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Feeding Ecology of Hammerhead Sharks

Measuring a freshly caught hammerhead from Kane'ohe Bay    There has long been an interest in what sharks eat -- many studies list the stomach contents of sharks in an effort to understand their diet.   But very few studies have attempted to quantify the amount of food that sharks consume on a daily basis.  Since sharks are at the top of their food chain, they may influence the population structure of species lower in that food chain.   Understanding exactly what and how much sharks eat can give us a much better understanding of how they interact with and affect their environment.  Due to the abundance of juvenile scalloped hammerhead sharks (Sphyrna lewini) in Kaneohe Bay, it was possible to conduct a study that examined the feeding ecology of this species.

Collecting gut contents from a newborn shark    Some sharks, including scalloped hammerheads, regurgitate by everting their stomach (turning it inside-out).  Taking advantage of this facet of the animal's biology provides an easy, non-lethal method for retrieving and studying stomach contents.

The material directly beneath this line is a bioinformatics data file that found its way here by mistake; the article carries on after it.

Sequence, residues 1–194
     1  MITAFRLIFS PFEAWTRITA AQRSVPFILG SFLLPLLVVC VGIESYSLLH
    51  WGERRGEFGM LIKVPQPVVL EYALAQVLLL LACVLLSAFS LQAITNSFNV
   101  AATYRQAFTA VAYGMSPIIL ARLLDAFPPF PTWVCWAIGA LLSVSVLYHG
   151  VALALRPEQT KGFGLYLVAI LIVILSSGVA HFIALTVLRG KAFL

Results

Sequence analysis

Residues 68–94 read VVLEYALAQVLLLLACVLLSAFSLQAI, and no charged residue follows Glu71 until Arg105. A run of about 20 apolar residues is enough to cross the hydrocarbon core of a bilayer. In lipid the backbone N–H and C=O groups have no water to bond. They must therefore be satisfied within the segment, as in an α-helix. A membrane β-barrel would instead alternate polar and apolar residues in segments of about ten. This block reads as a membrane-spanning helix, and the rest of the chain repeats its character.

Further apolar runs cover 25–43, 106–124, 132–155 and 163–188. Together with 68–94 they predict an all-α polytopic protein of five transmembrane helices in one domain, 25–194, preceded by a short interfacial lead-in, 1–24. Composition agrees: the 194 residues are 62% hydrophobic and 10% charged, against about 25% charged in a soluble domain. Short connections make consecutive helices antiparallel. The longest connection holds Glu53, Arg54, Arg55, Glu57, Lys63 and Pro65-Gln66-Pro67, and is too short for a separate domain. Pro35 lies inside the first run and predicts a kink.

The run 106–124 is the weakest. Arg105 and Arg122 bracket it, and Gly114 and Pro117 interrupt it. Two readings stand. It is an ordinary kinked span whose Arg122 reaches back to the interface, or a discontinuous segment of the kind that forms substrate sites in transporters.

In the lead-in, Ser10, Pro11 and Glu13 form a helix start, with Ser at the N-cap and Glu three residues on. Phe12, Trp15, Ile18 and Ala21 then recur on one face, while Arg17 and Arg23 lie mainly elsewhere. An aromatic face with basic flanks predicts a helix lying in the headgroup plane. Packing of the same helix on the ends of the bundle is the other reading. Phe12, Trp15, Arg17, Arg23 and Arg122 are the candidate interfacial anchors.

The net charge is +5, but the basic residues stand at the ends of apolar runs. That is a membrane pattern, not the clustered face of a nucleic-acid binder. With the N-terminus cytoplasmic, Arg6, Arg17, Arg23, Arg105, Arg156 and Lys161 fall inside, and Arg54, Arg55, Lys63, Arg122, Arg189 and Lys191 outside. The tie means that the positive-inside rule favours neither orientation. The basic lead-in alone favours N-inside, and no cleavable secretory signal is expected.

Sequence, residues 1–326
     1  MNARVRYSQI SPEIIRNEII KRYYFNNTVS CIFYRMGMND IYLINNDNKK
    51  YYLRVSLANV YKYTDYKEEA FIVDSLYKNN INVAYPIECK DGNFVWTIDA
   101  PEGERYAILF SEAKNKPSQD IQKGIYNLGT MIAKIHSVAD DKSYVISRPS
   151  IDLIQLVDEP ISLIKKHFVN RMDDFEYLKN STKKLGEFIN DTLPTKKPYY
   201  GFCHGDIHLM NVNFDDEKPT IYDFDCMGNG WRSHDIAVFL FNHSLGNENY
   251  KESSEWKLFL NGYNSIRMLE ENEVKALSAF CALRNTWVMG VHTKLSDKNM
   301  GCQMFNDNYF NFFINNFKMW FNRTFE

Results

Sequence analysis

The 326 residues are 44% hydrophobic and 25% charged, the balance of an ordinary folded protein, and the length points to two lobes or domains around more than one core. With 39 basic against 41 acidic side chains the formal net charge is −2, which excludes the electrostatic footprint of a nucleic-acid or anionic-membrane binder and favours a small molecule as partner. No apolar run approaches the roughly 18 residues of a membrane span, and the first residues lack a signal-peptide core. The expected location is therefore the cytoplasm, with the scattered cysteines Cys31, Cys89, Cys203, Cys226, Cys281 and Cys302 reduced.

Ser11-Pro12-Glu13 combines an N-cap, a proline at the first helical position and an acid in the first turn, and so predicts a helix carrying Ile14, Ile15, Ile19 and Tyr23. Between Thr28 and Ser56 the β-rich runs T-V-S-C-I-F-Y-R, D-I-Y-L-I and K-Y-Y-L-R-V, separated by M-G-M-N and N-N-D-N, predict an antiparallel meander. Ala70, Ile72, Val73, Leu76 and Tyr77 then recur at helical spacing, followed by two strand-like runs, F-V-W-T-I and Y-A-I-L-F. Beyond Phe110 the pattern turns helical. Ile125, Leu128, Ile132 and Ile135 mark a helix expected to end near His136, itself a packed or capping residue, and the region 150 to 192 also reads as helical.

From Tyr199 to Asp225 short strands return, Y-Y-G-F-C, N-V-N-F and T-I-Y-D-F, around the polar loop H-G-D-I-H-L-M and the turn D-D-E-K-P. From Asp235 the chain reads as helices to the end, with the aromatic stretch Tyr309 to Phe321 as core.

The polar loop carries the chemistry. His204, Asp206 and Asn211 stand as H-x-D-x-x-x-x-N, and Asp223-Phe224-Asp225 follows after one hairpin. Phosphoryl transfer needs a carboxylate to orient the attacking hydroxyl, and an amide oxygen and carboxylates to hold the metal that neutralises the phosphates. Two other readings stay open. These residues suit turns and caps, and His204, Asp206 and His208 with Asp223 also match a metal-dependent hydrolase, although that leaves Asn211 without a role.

Sharks were caught, anesthetized, measured, weighed, and stomach contents retrieved.  Most of the sharks caught were between 50-60cm and weighed around 600g.   Larger sharks were caught on rare occasions:

A large adult hammerhead next to our handling vessel - photo by Bruce Nyden

      Stomach contents were preserved in ethanol and taken back to the lab to be sorted, identified, and weighed.  The most common food items were a species of snapping shrimp (Alpheus malabaricus), and a gobie (Oxyuricthys lonchotus).  This low diversity of the diet can be attributed to the low species diversity of the bay floor, where the pups live and feed.

Common prey items of Sphyrna lewini

      Sharks were also kept in captivity to study the rate of digestion.  Rate of digestion was then combined with diet data to estimate the rate of food consumption of these sharks in their natural habitat.
    Initial estimates indicate that sharks in Kaneohe Bay are consuming less than 1% of their body weight per day, a suprisingly low rate of consumption.   Sampling of prey density suggests that food abundance on the bay floor is low.   This suggests that food is a limiting factor in the growth and survival of juvenile scalloped hammerheads in Kaneohe Bay.

This site was created by Timothy Fitzgerald and is maintained Nick Whitney
Last updated October 28, 2004 04:20 PM HST